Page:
Or, you may get the report on this website by entering , please use the the following words on the search box of the site:  “Shifting Focus from Glycemic Status.”

Examples of Insulin and Glucose Profiles of Individuals With Perfect Insulin Regulation

Table 1. Post-Glucose Load Insulin and Glucose Profiles of Seven Individuals With Optimal Insulin Homeostasis as Defined Above.
Fasting
½-Hr
1-Hr
2-Hr
3-hr
Insulin Profile 1. Insulin And Glucose Profiles of a 47-yr-old 5′ 5″ Male Runner Weighing 130 lbs. Who Presented With Inhalant Allergy and Hemorrhoids.
Insulin uIU/mL
1.5
9.7
9.0
4.6
<1.0
Glucose mg/dL
72
148
134
108
54
Insulin Profile 2. Insulin and Glucose Profiles of a  45-Yr-Old  5’9″Man Weighing 125 lbs. Presenting With Allergy and Dry Skin.
Insulin uIU/mL
1.0
2.7
9.8
2.7
<1.0
Glucose mg/dL
85
110
75
70
52
Insulin Profile 3. Insulin and Glucose Profiles of a 51-year-old 5’6″ Man Weighing 120 lbs. He Consulted Me for Cardiac Rhythm Disorder, Hypothyroidism and  Allergy.
Insulin uIU/mL
2.9
6.0
11.5
2.5
Glucose mg/dL
89
103
134
110
59
Insulin Profile 4. Insulin and Glucose Profiles of a 52-Yr-Old 5’1″ Woman Weighing 120 lbs. Presenting With Constipation and  Allergy.
Insulin uIU/mL
<2
17
15
6
Glucose mg/dL
78
61
72
71
Insulin Profile 5. Insulin and Glucose Profiles of a  52-Yr-Old 5’ 7″ Man Weighing 155 lbs. Presenting With Anxiety, Depression, and Diarrhea. A1c. 5.3%
Insulin uIU/mL
2.0
8.1
19.6
17.7
4
Glucose mg/dL
94
140
158
91
73
Insulin Profile 6. Insulin and Glucose Profiles of a  62-Yr-Old  5’3″ Woman Weighing 114 lbs. Presenting With Allergy and Hand Arthralgia.
Insulin uIU/mL
1.8
17.8
11.0
10.0
Glucose mg/dL
80
159
76
75
68
Insulin Profile 7. Insulin and Glucose Profiles of a 51-year-old 5’2″ Woman Weighing 120 lbs. She Consulted Me for Hypothyroidism and  Allergy
Insulin uIU/mL
3.2
11.8
2.4
1.9
Glucose mg/dL
86
110
75
70
52
Insulin Lab Reference Ranges Not  Fit for Use
In a previous report the author and his colleagues have highlighted the serious problem of inappropriate prevailing reference ranges for blood insulin concentrations.13 The data in Table 2 reproduced from that publication dramatically illustrates the dimension of this problem with findings of a survey of major laboratories in the New York City metropolitan area. The study data also calls into question the clinical value of single and random blood insulin test results. Photographs of illustrative lab reports are posted online.14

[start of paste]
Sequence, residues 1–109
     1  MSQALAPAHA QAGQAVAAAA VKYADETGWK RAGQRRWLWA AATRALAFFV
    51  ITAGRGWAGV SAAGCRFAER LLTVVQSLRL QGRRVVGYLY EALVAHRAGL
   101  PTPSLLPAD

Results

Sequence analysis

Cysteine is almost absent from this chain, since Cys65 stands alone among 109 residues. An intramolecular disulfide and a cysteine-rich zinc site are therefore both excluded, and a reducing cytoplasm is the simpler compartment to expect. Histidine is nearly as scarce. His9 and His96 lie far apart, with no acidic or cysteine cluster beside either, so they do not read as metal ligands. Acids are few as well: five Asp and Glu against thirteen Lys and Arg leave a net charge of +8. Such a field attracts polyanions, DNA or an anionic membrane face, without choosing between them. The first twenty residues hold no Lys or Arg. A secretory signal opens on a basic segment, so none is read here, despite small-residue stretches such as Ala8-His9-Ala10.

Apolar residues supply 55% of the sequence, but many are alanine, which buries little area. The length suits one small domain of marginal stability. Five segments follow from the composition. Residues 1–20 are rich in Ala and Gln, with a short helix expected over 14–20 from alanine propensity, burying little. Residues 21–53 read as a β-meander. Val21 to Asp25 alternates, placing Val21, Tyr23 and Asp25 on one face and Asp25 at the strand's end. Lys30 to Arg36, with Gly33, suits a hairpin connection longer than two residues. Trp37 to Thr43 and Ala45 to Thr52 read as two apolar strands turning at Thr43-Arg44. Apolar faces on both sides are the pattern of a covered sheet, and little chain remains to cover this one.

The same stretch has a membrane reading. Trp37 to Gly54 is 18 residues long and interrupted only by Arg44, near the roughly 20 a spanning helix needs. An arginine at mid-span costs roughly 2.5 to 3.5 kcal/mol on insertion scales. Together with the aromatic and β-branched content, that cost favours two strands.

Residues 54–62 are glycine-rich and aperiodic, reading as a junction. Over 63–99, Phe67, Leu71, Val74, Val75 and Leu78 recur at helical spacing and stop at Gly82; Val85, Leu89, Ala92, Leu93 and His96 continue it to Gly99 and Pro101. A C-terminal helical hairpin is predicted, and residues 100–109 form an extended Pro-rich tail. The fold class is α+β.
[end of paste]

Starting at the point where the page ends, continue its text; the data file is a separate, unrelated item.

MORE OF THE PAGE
Absurd Laboratory Reference Ranges

Table 2. Upper and Lower Limits of Laboratory Insulin Reference  Ranges Expressed In uIU/mL Following a Standard Glucose Load From Six Major Clinical Laboratories in the New York Metropolitan Area.2
Laboratory
Fasting
1 Hr
2 Hr
3 Hr
Laboratory 1
1.9 – 23
8  –  112
5 – 35
Laboratory  2
2.6 – 24.9
0.0  – 121.9
0.0 – 163.5
Laboratory  3
2.6 – 24.9
8  –  112
5  –  55
3  –  20
Laboratory  4
6  – 27
20  –  120
18  –  56
8  –  22
Laboratory  5
00  – 30
30  –  200
40  – 300
50  – 150
Laboratory  6
Does not include insulin ranges in the report. Instead it includes the following note: Insulin analogues may demonstrate non-linear cross-reactivity in this essay. Interpret results accordingly. Personal communications with clinicians revealed that they do not find this laboratory note to be helpful.
 
 

Spectrum of Insulin Dysfunction and Hyperinsulinism in Autism

Table 4 presents insulin and glucose profiles of 10 patients with dysautonomia. Note that all patients suffered from allergic disorders.
Table 4. Insulin and Glucose Profiles of Individuals With Autism.
The Blood Insulin and Glucose Levels Are Expressed in uIU/mL and mg/dL respectively.
Fasting
½ Hr
1 Hr
2 Hr
3 Hr
Autism Case 1. Insulin and Glucose Profiles of 14-Yr-Old 5’ 9” Boy Weighing 115 lbs.Who Presented Without Expressive Speech Since Birth.
Insulin uIU/mL
24
300
235
211
83
Glucose mg/dL
83
129
98
95
61
Autism Case 2. Insulin Profile and Glucose Profiles of 15-Yr-Old Boy With  Autism, Allergy, and Fatigue.
Insulin uIU/mL
10.4
43.7
37.6
33.7
7.8
Glucose mg/dL
79
104
86
82
53
Autism Case 3. Insulin and Glucose Profiles of 17-Yr-Old-Boy With Autism, Eczema, And Anxiety.
Insulin uIU/mL
24.4
N/A
73.8
71.6
28.0
Glucose mg/dL
95
N/A
79
79
69
Autism Case 4.  Insulin and Glucose Profiles of 8-Yr-Old Boy Presenting With Autism, Sudden Mood Shifts, and Inhalant Allergy.
Insulin uIU/mL
6.2
40.36
41.5
24.8
3.9
Glucose mg/dL
96
192
131
109
57
Autism Case 5. Insulin and Glucose Profiles of A Three-Year-Old  Boy With Asperger’s Syndrome, Temper Tantrums, Eczema, And Inhalant Allergy.